ATLANTA (AP) — The Atlanta Hawks let the trade deadline pass without making any major deals.

All-Star center Al Horford and point guard Jeff Teague were the focus of much speculation heading into Thursday's deadline, but both stayed put. Coach Mike Budenholzer said the team never came close to dealing away one of its top players.

"We feel strongly and have a ton of confidence and a ton of belief in our group," he said.

Instead, the Hawks fine-tuned their roster with a minor, three-team deal, trading a pair of little-used players, guards Shelvin Mack and Justin Holiday, and acquiring veteran guard Kirk Hinrich from Chicago.

Mack went to the Utah Jazz and Holiday was shipped to Chicago. The Jazz also sent a second-round pick to the Bulls.

Keeping their core intact, the Hawks are focused on turning things around over the final 27 games of the regular season. Top seed in the East a year ago with a 60-22 record, Atlanta has been a bit of a disappointment at 31-24 through the All-Star break.

Budenholzer, who oversees Atlanta's basketball operations in addition to his coaching duties, is confident the Hawks can become a factor in the Eastern Conference race with the guys they already have.

"We very much like our group," he said. "We're fortunate to have really good players and a good team. I think continuity is something we value through the summer and through the season. We'd like to be better. We'd like to be more consistent. We'd like to play better. At the end of the day, we feel continuity is something that can help you achieve those things."

The 35-year-old Hinrich essentially replaces Mack on the bench, giving the Hawks an experienced player who can work at either the point or shooting guard, though he isn't likely to get a lot of minutes.

By also dealing Holiday, Atlanta gains a roster spot that it will likely use to seek out a player who can add depth in the front court now that backup center Tiago Splitter is out for the season. He announced this week that a lingering hip injury will require surgery and an eight-month rehab.

Guard Kent Bazemore said it would have been difficult to cope with a major move at this point in the season.

"When you bring in new guys, there's an awkward period trying to get them acclimated to the system, getting them acclimated to the city and new teammates," he said. "If you're trying to win at this time of year, that's the kind of things you want to try to avoid or keep it as small as possible."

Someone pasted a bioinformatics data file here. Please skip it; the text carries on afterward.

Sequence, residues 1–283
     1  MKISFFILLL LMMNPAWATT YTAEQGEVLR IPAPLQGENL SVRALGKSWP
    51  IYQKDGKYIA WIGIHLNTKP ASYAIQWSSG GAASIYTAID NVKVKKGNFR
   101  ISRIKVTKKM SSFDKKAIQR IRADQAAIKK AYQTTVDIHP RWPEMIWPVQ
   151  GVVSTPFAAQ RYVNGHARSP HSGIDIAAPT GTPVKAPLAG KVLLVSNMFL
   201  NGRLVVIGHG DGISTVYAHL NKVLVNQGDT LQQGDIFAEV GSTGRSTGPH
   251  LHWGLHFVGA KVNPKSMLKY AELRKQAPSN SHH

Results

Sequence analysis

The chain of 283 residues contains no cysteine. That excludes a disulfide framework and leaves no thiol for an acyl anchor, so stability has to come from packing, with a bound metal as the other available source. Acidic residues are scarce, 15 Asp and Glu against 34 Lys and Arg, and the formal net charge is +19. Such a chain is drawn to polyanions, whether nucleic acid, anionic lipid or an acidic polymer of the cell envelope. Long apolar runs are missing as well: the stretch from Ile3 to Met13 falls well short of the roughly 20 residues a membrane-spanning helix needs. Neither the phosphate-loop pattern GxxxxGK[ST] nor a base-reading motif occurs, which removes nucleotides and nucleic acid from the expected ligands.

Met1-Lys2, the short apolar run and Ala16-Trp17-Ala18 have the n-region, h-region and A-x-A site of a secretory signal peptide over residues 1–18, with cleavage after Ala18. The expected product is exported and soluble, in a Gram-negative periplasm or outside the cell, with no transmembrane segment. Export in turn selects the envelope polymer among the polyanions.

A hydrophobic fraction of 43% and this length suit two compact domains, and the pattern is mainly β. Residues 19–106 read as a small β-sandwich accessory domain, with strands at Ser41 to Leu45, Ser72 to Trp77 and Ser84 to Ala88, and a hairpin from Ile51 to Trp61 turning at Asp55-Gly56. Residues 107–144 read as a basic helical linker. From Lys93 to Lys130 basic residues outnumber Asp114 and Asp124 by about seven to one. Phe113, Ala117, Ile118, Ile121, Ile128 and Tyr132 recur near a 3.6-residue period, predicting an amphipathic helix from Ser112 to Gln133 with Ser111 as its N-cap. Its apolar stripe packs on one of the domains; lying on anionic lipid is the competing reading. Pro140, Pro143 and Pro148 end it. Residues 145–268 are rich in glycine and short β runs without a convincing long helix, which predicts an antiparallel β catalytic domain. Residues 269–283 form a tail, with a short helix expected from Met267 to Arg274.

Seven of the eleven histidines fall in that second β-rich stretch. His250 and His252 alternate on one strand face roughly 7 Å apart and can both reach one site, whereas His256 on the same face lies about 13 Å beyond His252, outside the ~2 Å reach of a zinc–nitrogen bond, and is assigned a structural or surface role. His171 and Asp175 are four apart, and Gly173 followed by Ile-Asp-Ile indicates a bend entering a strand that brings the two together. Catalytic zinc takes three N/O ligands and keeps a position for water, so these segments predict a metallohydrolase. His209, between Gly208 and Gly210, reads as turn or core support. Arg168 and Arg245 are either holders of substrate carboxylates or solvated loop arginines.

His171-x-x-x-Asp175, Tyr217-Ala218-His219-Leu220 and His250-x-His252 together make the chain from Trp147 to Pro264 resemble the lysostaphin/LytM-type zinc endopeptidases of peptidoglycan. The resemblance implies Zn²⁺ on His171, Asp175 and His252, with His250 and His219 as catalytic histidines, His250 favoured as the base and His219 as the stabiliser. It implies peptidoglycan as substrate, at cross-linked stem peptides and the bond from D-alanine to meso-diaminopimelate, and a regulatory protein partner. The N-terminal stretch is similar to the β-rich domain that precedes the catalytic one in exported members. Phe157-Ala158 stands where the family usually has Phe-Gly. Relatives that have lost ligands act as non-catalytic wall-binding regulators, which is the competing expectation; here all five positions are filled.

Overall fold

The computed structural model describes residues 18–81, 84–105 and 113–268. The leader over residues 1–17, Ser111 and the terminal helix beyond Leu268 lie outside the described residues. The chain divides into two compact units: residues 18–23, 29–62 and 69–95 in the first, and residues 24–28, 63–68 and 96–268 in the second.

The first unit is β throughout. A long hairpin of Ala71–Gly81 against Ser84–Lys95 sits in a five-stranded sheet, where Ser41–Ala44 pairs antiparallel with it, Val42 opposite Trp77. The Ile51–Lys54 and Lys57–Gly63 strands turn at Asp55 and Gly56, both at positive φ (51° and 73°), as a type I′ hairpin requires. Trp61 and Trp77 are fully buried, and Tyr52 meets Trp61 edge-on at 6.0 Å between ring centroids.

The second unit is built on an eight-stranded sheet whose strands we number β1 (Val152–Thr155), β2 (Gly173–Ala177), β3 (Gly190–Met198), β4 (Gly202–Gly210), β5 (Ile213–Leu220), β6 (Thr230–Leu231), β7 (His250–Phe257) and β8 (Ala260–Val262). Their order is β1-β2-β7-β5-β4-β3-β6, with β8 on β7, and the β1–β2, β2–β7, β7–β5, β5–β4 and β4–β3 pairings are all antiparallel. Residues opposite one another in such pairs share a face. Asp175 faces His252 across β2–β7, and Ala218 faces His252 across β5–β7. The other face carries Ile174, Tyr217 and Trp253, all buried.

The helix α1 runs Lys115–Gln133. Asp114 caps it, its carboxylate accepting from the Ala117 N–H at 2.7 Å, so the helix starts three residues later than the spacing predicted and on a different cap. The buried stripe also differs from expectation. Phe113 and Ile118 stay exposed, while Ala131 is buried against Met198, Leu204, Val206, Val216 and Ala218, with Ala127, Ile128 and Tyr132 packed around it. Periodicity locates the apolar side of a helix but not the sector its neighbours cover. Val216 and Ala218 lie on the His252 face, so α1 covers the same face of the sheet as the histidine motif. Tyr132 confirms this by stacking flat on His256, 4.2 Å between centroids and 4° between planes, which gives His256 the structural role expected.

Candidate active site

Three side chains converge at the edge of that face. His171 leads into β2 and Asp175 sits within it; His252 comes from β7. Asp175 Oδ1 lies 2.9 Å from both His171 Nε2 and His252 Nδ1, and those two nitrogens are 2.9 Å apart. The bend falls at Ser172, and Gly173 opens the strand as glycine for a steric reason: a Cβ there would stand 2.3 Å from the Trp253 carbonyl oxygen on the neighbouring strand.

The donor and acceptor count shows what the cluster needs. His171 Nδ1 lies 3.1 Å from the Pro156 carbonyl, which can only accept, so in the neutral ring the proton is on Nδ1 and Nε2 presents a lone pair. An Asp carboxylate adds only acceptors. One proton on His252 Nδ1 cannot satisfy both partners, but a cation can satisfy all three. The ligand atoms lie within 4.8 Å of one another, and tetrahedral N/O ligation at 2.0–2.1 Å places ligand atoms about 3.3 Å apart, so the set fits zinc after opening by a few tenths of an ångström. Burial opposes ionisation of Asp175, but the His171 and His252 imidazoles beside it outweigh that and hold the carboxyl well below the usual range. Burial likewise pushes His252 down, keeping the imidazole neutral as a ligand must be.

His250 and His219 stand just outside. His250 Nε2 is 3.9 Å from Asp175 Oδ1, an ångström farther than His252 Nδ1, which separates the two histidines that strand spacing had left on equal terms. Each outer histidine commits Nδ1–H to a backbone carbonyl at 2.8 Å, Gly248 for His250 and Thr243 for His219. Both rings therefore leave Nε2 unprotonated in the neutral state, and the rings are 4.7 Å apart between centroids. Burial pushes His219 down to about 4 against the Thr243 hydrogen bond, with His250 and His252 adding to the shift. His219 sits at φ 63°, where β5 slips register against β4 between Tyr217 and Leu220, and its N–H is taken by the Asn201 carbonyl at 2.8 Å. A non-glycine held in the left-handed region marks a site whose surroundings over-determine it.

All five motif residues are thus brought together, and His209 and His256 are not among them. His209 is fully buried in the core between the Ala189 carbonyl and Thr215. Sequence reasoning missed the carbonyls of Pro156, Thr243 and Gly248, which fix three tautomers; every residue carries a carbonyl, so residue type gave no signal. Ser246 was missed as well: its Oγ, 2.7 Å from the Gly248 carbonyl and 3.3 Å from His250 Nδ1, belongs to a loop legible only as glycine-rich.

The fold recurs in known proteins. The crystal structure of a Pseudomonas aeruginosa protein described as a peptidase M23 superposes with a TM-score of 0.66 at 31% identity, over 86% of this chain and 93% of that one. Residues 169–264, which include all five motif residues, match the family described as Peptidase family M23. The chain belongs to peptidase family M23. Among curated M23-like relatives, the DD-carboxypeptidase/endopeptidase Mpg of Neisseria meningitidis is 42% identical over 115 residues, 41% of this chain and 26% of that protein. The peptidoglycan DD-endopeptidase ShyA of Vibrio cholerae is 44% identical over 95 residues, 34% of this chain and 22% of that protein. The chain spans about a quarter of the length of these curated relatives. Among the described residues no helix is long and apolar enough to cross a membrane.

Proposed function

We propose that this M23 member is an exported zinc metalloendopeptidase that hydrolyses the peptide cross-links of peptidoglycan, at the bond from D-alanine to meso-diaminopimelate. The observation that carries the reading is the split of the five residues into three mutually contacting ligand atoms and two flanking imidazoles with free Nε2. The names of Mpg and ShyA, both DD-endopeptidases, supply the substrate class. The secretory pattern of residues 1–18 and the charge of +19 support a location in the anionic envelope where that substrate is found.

Despite the up-and-down play, Bazemore talked boldly of the Hawks still being capable of a highly successful season. They are fourth in the East, far behind front-running Cleveland and Toronto, but only one game behind Boston in a tightly bunched pack.

"We want to redeem ourselves for the first half of the season," Bazemore said. "I feel like this team here is very talented. We have everything we need to make a big run in the playoffs."

Playing behind Teague and Dennis Schroder, Mack never cracked the rotation in his fourth season with the Hawks. The 25-year-old averaged 3.9 points in 24 games, but should get a chance for more playing time with the Jazz.

Holiday had hoped his career would blossom after signing with the Hawks last summer, but he remained buried on the bench most of the season. Playing in 26 games with one start, the 26-year-old averaged just 2.4 points. With the trade, the Hawks gained a bit of financial flexibility before a big spike in the salary cap this summer, since he was due to make just over $1 million next season.

Hinrich returns to the team he played with over 1 1-2 seasons in 2011 and '12. He got into 35 games with the Bulls this season, including seven starts, and averaged 3.8 points.

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